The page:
Recently announced support for companies that have signed up for the province’s vaccine passport system is lacking, say some Edmonton business owners.
“I thought it was a little overwhelming, to be honest,” said Cathal O’Byrne, owner of O’Byrne’s Irish Pub, which adopted the restriction exemption program when it launched in September.
The program allows companies to require patrons or clients to show proof of full vaccination or a negative COVID-19 test. O’Byrne said enforcing it has been challenging.
“Usually we’re a place for yourself, but we’ve had to hire at least three or four extra staff and security now during the week, because the later the day goes, the more people we get that start to cause a little shit, ”he said.
On Thursday, Prime Minister Jason Kenney and senior officials once announced grants of $ 2,000 to small and medium-sized businesses to help offset the cost of adopting the exemption limitation program.
The province has also set up a $ 1 million fund to support safety training for employees tasked with implementing vaccine passports, and doubled fines from $ 2,000 to $ 4,000 for people who mistreat workers trying to enforce the program.
Kenney also announced legislation that would protect companies from legal challenges to requiring workers to be vaccinated or over the restriction exemption program.
O’Byrne says $ 2,000 does not go far enough to help with additional staff costs. He said he would not sound like he was asking for a distribution card, but if they want to offer subsidies, he wants the province to look at the percentage each company spends on staffing now relative to what was left. in 2019, and offer to help bridge this gap.
He also said the offer to fund education is “naive”.
“We’ve been dealing with people who are drunk and disorderly and have been cut off from the company for 23 years. To throw some extra dollars at training us is like beating a dead horse,” he said.
Not the answer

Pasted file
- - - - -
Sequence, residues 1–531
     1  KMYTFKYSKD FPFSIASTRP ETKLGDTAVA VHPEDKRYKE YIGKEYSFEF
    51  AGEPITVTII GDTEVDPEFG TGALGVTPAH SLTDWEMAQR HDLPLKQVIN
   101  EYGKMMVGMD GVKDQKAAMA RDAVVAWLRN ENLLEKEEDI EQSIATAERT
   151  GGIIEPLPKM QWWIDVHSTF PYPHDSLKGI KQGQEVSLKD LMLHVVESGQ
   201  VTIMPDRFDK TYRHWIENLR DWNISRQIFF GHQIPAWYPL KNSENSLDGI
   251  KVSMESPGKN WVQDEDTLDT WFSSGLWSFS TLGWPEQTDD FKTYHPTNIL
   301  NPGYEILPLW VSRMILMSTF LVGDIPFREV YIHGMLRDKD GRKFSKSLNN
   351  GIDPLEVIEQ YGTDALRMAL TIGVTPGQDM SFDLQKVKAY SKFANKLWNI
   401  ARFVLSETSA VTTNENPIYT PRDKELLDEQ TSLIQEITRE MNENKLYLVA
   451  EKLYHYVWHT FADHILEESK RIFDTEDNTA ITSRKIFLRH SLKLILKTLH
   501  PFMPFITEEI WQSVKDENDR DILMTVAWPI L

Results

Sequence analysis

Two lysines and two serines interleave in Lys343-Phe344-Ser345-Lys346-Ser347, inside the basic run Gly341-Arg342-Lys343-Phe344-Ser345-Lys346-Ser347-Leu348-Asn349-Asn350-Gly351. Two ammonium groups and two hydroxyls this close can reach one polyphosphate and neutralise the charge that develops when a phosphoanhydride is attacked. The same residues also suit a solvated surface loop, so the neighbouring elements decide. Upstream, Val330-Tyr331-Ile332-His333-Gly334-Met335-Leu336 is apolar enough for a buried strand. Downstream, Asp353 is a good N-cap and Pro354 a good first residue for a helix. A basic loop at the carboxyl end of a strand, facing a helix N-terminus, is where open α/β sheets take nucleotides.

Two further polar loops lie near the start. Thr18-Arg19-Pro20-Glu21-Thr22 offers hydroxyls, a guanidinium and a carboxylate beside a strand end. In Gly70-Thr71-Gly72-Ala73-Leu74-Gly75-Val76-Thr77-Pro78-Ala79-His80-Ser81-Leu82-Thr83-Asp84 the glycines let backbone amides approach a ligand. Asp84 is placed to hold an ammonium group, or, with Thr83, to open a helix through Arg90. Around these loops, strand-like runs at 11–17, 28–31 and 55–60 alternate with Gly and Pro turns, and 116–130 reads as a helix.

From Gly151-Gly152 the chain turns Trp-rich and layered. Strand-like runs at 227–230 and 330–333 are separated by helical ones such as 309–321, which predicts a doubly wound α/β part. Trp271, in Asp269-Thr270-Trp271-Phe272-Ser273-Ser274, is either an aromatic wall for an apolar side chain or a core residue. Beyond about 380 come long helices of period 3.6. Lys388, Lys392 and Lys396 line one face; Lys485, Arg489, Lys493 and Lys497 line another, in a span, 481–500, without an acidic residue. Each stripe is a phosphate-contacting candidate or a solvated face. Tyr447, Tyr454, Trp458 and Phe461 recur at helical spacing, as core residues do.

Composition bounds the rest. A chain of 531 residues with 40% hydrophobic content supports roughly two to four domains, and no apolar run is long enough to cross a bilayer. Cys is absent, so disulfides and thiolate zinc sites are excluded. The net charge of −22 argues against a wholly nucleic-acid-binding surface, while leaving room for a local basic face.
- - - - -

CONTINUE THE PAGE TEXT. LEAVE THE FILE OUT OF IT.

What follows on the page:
OTTO Food and Beverage Owner Ed Donszelmann also believes the province’s offer of support fell short.
Donszelmann says the province’s vaccine passport program, by making it optional, puts companies in a difficult position of taking responsibility for enforcing it and taking heat from angry customers.
“If I do not agree that they have failed to limit the exemption program, I will have to lay off all my employees and within a few months I will have to declare bankruptcy,” he said.
‘Not even a little bit’
Square 1 Coffee owner Brandy Brozny decided not to introduce the restriction exemption program.
“We did not want to have to deal with the hassle of fighting with people to have their vaccine passports and doing all that,” she said. “If the situation is as bad as it is, people don’t have to sit down.”
She said she had to clarify with a few customers that she fully supports immunization, but said it made a lot more sense to move to takeaway only at her cafe in two places.
Bronzy said the support the province offered Thursday would not do much to help their business.
She said they shattered the numbers, reckoning it would cost over $ 100,000 a year to pay any minimum wage to stand at the door in both places for the 14.5 hours a day they are open. Like O’Byrne, she says $ 2,000 would not go far.
“It’s not even a drop in the bucket to cover the cost,” she said.